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The (Maroon and) Gold Standard

three female Monarch Heathcare workers smile for the camera

New Monarch Healthcare Scholarship Sets the Bar

Did you know that an undergraduate student today would have to work 51 hours per week to pay for the cost of college? Or that Pell Grant students who receive scholarships of $10,000 or more graduate on time and at a rate 30 percent higher than their peers who do not receive support? How about the fact that the College of Continuing and Professional Studies (CCAPS) has one of the highest Pell Grant-eligible student populations within the University of Minnesota Twin Cities?

Couple this with what most of us know about Minnesota’s aging and increasingly diverse population, and the ever-accelerating need for quality, skilled nursing care, and you have an intergenerational and intercultural challenge of novel proportions.

Enter Monarch Healthcare Management. An enthusiastic supporter of CCAPS, particularly the College’s Health Services Management and Long Term Care programs, Monarch was created to change the way both short-term rehabilitation and long-term health care is delivered to an aging population in need. At the heart of their mission are a commitment to innovative care and five-star customer service that puts residents, tenants, and families first.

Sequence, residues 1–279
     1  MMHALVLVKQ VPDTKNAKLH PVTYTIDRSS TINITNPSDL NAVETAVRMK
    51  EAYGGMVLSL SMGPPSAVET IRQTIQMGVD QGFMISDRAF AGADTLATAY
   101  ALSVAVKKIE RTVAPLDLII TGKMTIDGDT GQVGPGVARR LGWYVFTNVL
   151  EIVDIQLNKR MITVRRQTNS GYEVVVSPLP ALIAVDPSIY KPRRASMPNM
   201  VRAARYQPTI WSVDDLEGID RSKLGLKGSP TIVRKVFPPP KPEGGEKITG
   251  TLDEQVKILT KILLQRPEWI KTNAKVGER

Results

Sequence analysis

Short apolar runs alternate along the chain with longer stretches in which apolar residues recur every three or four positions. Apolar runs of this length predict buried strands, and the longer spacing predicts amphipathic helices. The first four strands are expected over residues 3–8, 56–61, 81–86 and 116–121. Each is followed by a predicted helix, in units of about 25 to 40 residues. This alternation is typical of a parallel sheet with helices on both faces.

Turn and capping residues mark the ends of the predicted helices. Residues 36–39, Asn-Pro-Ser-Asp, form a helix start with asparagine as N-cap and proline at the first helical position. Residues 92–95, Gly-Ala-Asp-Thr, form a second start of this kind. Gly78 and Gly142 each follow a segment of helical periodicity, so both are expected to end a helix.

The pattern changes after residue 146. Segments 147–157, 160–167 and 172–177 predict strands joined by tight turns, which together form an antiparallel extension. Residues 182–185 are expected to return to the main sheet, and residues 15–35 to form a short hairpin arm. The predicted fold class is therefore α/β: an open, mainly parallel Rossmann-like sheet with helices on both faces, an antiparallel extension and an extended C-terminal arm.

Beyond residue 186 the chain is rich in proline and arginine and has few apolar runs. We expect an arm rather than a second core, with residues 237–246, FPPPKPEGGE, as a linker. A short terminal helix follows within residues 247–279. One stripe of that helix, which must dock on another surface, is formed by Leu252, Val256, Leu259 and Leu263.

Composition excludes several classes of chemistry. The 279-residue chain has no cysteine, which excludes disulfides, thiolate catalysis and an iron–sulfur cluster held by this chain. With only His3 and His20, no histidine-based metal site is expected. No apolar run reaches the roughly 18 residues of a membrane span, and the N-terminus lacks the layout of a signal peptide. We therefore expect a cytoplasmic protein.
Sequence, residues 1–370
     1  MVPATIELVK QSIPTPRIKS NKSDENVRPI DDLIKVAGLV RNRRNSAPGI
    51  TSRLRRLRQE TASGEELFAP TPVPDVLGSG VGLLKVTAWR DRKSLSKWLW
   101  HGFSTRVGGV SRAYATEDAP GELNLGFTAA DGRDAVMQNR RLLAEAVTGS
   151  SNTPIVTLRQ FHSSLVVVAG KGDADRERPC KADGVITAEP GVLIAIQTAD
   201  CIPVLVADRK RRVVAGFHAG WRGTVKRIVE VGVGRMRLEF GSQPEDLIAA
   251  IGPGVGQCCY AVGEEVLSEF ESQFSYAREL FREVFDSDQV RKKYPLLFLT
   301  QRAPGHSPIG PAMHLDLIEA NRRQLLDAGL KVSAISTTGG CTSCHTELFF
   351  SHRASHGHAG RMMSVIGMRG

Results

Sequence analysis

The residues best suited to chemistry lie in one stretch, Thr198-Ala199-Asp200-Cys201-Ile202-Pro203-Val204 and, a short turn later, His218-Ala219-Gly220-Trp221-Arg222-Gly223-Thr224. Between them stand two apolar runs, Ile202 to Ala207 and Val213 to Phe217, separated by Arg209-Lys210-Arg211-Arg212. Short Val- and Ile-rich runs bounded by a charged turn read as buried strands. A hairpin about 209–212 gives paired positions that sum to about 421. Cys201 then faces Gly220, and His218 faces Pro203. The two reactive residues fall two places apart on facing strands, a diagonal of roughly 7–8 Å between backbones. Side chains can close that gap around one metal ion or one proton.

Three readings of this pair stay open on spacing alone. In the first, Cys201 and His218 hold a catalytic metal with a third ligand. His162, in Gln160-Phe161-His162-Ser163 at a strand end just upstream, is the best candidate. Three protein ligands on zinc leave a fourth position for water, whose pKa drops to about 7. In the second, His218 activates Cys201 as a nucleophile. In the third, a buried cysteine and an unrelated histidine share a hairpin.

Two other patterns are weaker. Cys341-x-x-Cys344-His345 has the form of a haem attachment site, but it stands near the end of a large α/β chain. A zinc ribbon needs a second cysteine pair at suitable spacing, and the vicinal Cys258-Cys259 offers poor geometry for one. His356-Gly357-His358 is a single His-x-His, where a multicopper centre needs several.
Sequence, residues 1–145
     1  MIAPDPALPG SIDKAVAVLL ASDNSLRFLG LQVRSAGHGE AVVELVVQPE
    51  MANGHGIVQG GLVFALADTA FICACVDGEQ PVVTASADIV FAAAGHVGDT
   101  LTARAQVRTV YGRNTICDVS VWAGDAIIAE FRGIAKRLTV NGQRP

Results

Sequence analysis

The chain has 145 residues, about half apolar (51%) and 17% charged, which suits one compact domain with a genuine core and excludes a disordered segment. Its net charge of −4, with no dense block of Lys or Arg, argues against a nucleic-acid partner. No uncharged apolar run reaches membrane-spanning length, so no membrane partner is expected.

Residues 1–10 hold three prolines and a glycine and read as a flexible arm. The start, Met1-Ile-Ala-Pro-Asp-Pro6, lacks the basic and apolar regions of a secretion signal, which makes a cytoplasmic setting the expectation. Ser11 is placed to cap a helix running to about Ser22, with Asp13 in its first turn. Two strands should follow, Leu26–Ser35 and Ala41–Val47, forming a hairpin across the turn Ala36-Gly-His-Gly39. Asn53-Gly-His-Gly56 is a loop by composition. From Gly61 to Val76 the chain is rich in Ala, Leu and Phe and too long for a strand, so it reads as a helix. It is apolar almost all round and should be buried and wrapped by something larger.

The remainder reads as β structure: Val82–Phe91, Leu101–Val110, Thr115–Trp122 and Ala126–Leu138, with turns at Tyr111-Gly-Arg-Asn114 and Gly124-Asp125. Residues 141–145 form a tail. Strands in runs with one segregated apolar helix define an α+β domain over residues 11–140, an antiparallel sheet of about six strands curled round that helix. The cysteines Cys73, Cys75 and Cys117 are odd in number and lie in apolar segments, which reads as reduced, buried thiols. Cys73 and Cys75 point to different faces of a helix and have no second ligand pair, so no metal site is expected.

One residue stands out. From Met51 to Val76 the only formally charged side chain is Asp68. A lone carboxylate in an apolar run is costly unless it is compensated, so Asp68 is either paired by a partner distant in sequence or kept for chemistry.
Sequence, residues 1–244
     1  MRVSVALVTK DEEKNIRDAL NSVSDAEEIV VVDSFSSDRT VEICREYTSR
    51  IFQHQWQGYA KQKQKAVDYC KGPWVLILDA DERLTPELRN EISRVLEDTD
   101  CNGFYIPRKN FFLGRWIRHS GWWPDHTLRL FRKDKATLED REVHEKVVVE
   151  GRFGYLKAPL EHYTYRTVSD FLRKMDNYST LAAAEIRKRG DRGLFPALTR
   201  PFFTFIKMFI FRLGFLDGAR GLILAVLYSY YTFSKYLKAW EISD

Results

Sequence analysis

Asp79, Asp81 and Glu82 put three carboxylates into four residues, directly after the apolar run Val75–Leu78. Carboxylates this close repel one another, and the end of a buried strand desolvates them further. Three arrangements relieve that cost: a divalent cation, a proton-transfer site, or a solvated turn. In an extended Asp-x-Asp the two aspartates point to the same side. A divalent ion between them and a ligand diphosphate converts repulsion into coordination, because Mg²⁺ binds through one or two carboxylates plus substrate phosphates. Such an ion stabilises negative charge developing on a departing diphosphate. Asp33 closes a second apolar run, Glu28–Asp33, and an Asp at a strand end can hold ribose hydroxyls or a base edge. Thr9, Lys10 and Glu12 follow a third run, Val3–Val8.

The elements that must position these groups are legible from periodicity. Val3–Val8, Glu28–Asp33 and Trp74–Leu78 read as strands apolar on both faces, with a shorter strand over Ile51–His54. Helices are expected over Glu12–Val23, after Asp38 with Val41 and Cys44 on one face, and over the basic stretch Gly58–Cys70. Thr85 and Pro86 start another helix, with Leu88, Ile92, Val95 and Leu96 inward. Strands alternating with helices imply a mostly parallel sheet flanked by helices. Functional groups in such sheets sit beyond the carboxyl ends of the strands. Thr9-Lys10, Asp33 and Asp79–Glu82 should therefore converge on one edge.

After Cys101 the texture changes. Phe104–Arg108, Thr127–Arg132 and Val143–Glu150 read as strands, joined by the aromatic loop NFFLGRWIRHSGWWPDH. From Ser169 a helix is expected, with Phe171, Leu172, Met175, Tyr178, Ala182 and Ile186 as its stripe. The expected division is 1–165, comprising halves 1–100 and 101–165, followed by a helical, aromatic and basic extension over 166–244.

Key to this mission is an ongoing need for well-educated employees who can deliver a range of in-demand services and who, collectively, have expertise in all aspects of senior care in order to ensure operational efficiency. Also key is Monarch’s commitment to being a sought-after place to work, which includes, both in theory and in practice, a commitment to creating a culture of inclusion, equity, and diversity that benefits staff and residents alike.

As part of this effort, the Mankato-based company is participating in a federal- and state-sponsored program that bolsters healthcare reform. When Monarch applied to the multipronged program, they were the only organization to choose to focus solely on Diversity, Equity, and Inclusion (DEI).

But how does one attract and retain a highly skilled and diverse workforce in Minnesota? CCAPS has something to say about that. (It’s a bit chicken-and-egg, but you can see where this is going.)

A loyal internship provider for the College, Monarch regularly hires CCAPS graduates, and with the health care industry’s growing need, not to mention Monarch’s distinct goals, it made sense to lend a much-needed hand in financially supporting the education of future health care professionals.

A loyal internship provider for the College, Monarch regularly hires CCAPS graduates, and with the health care industry’s growing need, not to mention Monarch’s distinct goals, it made sense to lend a much-needed hand in financially supporting the education of future health care professionals.